I attended a commencement ceremony yesterday. It was simple, less than 40 graduates and their families, a few professors and administrators. Among the speakers was a young woman who rose to provide remarks as a member of the graduating class. I happen to be a bit of a public speaker myself so I always attend these things with a probably-too-critical point of view.
But I was impressed. This young girl was articulate, poised, grammatically correct (very important!), and succinct. All that, and I actually loved the content of her address.
As she concluded, the young woman recalled for the audience a conversation she'd had with one of her classmates. This friend, trying to console her during a difficult time, told the young girl about a time when he watched a rocket launch with his grandfather. The young man had been devastated when the base of the rocket had fallen off, he was sure the rocket had broken and all was lost. His grandfather had reassured him that all was as it was intended, and the young man now reassured the girl, "Some things are meant to get you to a certain point, and then they just fall off."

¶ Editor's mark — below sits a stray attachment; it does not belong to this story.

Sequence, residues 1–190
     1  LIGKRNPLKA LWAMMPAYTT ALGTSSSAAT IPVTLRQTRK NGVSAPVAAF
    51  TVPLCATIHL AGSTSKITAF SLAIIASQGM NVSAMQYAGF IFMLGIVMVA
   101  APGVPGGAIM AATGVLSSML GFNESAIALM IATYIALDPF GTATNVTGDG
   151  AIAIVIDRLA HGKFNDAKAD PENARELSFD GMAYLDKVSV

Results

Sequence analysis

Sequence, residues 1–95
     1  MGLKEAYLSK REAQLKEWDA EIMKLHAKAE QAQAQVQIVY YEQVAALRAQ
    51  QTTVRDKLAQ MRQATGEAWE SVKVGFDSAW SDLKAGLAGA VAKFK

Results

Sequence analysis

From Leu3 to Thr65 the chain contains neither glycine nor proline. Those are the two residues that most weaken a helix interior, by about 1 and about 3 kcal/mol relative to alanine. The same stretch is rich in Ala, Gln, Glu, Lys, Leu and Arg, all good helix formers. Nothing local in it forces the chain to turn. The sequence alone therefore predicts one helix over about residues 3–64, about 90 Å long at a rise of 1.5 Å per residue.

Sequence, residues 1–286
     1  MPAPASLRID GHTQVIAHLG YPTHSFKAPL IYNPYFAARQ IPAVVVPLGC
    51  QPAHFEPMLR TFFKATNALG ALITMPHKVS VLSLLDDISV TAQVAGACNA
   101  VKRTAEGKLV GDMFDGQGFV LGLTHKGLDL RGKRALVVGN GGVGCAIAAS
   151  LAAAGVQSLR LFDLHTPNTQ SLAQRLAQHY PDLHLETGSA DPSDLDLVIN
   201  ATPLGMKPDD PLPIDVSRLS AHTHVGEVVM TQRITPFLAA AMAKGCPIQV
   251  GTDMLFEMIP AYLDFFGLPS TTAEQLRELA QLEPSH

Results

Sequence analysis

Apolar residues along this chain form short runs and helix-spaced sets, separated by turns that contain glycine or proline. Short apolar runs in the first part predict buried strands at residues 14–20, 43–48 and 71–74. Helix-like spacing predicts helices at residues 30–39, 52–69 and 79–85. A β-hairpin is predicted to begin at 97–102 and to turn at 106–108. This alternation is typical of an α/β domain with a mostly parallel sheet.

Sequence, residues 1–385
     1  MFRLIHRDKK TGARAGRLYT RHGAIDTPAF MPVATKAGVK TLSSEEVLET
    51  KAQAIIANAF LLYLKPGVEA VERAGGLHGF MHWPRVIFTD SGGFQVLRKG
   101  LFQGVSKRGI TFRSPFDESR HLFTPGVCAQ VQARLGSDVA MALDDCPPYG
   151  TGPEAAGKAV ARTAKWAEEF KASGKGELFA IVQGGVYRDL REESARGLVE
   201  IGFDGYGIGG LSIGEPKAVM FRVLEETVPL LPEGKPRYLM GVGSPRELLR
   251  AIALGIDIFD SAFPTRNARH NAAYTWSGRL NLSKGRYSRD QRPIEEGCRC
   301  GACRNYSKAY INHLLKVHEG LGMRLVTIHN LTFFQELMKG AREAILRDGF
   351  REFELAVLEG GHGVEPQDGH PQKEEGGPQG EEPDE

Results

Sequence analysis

I smiled at the bittersweet of this.
And then our daughter - our daughter who we had launched with the force of a million tiny pushes, and countless dreams and prayers and wishes, our daughter who had been propelled by our own hands, the hands of a thousand other people in her life, and the most important hands, that come from a much higher place, our daughter, this elegant, refined speaker - our daughter smiled and turned to her graduating class of Collegiate Scholars at the University of Freaking Chicago, and said, "We are the rocket."
And I'll be damned, Lu, you really are.